Smooth Solomon’s seal is a rhizomatous, herbaceous unbranched, upright, arching, perennial herb that grows about 1 m (3 ft. 3 inches) tall and 0.3 m (1ft in) wide. The plant is found growing in moist to slightly dry deciduous woodlands, lower wooded slopes, edges of shady seeps, young flat woods, woodland borders, and fence rows that are overgrown with shrubs or trees, meadows near woodlands and open prairies, especially cemetery prairies. It occurs in both high quality and degraded woodlands. The plant grows well in sandy, loamy and clay soils but prefers well-drained soil and can grow in heavy clay soil. It prefers moist soil. It can also grow in acidic, neutral and alkaline soils. The root system produces rhizomes that are rather stout and knobby; on the upper surface of these rhizomes, there are circular scars. This plant often forms clonal colonies. Stems are thick and white, twisted and full of knots, with circular scars at intervals, left by the leaf stems of previous years.

Leaves

Alternate leaves are up to 6 inches long and 3½ inches across. They are spaced fairly close together along the stem. These leaves are pale green, elliptic to ovate in shape, smooth (entire) along their margins, and glabrous. They have parallel veins and clasp the stem.

Flowers & Fruits

Flowers are about ½-¾ inches (13-18 mm.) in length. Each flower has a narrow tubular corolla that is whitish green or pale yellowish green. Along the outer rim of this corolla, there are 6 small lobes that are slightly recurved. Within the interior of the corolla, there is a pistil with a single style and 6 stamens. Each flower is replaced by a small globoid berry that is about 8-10 mm. across about the size of a pea containing about three or four seeds. These berries are initially green, but they ultimately become dark blue-violet.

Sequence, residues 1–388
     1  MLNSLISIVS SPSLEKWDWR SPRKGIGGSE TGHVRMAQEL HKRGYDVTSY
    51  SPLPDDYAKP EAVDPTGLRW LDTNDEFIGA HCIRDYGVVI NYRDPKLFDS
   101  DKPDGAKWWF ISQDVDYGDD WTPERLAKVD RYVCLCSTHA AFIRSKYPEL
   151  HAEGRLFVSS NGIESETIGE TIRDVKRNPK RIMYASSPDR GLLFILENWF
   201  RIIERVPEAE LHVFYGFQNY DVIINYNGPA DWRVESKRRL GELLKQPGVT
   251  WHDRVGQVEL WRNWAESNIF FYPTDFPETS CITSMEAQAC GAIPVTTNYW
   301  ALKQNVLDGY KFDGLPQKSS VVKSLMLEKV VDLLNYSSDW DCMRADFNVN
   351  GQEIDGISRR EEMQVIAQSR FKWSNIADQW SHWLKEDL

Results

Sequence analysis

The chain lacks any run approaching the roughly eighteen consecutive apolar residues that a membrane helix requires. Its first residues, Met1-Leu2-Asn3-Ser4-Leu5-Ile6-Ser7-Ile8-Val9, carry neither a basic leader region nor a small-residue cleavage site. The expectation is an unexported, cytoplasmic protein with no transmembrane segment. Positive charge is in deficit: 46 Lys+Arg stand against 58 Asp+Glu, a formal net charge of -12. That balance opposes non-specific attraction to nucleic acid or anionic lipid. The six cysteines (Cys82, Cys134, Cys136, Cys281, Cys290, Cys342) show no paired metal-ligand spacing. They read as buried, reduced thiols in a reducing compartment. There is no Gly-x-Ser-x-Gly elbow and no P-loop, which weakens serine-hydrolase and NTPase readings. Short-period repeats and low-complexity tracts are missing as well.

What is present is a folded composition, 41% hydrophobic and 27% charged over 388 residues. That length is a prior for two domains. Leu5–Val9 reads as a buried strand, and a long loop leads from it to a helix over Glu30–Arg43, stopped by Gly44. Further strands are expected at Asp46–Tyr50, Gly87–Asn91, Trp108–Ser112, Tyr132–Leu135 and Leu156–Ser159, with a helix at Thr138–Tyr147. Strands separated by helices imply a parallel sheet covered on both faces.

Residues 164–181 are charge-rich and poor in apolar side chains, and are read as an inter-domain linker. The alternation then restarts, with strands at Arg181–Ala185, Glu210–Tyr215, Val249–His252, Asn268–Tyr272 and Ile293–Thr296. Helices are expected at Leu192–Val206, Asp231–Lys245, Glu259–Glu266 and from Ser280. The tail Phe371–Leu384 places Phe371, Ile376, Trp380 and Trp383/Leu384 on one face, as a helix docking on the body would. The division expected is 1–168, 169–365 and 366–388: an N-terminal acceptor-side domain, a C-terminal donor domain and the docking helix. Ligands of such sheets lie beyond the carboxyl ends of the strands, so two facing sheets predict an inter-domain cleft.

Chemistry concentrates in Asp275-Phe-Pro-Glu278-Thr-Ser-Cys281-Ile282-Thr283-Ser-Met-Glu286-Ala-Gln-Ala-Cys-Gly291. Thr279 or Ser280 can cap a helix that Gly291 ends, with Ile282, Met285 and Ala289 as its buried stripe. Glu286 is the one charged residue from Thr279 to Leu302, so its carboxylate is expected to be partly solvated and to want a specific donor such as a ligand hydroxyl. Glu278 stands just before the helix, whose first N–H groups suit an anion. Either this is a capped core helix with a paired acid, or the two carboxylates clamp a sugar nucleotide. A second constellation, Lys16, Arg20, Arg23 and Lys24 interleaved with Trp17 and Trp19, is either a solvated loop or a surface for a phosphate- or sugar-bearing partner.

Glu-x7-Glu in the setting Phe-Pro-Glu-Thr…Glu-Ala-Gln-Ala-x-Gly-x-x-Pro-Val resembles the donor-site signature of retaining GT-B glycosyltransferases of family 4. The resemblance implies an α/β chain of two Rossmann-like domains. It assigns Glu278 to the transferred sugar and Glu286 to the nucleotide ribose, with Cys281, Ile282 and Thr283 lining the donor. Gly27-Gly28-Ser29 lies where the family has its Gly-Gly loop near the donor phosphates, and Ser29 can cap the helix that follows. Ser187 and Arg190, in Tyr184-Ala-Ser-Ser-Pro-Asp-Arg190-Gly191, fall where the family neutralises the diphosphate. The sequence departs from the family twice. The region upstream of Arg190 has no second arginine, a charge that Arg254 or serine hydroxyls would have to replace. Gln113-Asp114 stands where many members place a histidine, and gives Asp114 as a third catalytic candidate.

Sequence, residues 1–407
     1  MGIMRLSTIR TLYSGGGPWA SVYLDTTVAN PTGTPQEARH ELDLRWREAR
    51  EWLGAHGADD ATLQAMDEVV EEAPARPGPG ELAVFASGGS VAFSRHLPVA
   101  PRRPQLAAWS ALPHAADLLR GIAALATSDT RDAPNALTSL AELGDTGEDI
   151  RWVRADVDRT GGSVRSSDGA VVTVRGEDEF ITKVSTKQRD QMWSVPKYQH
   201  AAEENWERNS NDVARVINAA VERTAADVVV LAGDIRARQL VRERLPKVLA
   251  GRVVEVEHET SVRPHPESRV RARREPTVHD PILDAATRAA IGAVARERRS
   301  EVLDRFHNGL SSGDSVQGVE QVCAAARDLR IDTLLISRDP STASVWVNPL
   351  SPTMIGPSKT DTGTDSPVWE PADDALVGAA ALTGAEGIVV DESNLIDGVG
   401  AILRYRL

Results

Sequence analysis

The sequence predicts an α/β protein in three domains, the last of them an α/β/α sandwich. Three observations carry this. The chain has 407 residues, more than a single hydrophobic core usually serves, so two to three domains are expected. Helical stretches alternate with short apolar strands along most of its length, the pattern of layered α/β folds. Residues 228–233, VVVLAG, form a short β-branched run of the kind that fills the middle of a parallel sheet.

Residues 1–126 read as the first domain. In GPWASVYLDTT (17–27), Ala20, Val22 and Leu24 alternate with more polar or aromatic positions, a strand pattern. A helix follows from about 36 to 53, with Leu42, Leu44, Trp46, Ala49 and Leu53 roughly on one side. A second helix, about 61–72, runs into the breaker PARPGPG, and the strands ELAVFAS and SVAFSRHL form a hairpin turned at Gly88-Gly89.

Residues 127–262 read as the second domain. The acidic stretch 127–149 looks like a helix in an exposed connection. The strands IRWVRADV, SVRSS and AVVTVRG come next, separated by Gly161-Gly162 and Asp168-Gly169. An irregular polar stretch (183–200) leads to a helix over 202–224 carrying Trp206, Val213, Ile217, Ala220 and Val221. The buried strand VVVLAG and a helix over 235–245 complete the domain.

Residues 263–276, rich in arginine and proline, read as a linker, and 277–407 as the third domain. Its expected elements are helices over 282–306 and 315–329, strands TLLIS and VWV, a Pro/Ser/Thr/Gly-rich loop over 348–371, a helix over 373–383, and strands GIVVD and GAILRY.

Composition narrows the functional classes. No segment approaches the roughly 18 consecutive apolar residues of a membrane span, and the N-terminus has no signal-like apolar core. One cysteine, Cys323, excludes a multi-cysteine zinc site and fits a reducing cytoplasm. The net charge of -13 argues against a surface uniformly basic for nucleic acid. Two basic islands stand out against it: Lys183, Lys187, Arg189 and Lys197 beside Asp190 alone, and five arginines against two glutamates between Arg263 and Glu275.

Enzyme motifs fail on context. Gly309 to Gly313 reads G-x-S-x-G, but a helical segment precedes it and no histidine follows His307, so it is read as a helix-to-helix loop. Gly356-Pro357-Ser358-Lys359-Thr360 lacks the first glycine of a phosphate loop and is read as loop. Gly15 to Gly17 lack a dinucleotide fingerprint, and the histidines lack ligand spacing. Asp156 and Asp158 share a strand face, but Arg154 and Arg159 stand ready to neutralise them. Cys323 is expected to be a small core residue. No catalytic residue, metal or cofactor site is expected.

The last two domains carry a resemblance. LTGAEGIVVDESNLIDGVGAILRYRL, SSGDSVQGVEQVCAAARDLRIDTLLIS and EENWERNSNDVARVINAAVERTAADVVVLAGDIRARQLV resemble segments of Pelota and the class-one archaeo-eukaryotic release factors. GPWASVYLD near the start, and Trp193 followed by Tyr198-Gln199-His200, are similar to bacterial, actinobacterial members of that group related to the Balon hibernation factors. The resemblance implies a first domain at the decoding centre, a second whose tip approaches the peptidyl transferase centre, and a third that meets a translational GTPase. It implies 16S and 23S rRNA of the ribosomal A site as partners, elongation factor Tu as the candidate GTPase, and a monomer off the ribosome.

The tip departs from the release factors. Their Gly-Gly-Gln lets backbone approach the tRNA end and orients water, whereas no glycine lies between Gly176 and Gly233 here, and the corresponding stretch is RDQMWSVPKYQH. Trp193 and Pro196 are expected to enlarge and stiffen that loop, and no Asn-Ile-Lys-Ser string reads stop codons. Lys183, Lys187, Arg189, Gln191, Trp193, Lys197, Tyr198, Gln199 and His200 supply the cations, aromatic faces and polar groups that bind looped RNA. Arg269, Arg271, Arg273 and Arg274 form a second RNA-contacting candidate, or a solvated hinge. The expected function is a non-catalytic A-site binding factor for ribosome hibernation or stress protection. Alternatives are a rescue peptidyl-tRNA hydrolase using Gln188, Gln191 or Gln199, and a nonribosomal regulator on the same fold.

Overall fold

Health benefits of Smooth Solomon’s Seal

Few of the popular health benefits of Smooth Solomon’s Seal are mentioned below

1. Great for Joints

Solomon’s seal root is great for repairing cartilage, tendons, and ligaments, thus making it great for anyone with joint problems. It also tightens loose joints, and encourages the production of joint fluid.

2. Soothes GI Tract